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Monday, December 29, 2014

Treating Advanced Stats In Conventional Sportswriting: On Not Explaining Burritos

Craig Calcaterra, who is one of my favorite follows on Twitter, has a great piece up about how to deal with advanced metrics and concepts in conventional baseball writing. Noticing that Anthony French at the Detroit Free Press casually drops a line about José Iglesias benefiting from a higher-than-usual BABIP, Calcaterra observes that, in the 1960's and 70's, Taco Bell needed to explain what a burrito was, and yet:
Maybe there was a need for this in the late 60s and early 70s when burritos were still sort of exotic to a lot American fast food eaters, but they stopped doing that at some point. Why? Because Taco Bell realized that we can handle a burrito. Yes, we ate nothing but cheeseburgers for years and we probably still understand cheeseburgers better, but by some time in the 1970s we were totally are capable of processing what a burrito was as long as it was presented properly (i.e. fast, cheap and available at, like, midnight).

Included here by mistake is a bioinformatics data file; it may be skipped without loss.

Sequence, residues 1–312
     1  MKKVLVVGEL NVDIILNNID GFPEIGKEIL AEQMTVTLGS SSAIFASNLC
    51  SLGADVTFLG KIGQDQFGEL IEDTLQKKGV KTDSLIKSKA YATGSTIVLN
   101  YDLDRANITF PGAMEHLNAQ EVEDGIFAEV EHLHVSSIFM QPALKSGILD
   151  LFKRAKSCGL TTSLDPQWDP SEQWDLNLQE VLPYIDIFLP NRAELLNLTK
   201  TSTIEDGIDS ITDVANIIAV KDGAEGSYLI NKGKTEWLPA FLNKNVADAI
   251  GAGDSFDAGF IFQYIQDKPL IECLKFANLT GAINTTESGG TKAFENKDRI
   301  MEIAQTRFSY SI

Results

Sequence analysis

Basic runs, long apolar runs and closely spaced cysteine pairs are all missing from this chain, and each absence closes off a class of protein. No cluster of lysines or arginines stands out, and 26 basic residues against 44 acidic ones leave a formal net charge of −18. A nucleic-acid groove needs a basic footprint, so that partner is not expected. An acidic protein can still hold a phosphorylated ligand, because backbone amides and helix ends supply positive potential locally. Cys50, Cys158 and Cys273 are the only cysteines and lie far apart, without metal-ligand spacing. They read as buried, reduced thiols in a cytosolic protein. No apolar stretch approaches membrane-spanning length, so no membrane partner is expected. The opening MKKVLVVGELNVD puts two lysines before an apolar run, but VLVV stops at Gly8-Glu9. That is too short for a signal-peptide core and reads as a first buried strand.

Mainstream baseball writing (i.e. newspaper baseball writing) still hasn’t figured that out for the most part. It probably was necessary in 2002 to explain advanced metrics, such as they were then, in greater detail. Batting average and RBI were our cheeseburgers, and we were being asked to process something new.  But we’ve been eating our SABRburritos for a good while now, so it’s not necessary for them to be over-explained to us. It’s actually sort of distracting and creates unnecessary controversy when they are. WAR debates and “geeks vs. jocks” cultural garbage. I’m rather tired of that. Aren’t you rather tired of that?
 It's a war that's all but won, save for holdouts like Murray Chass. That we're having this discussion is proof.



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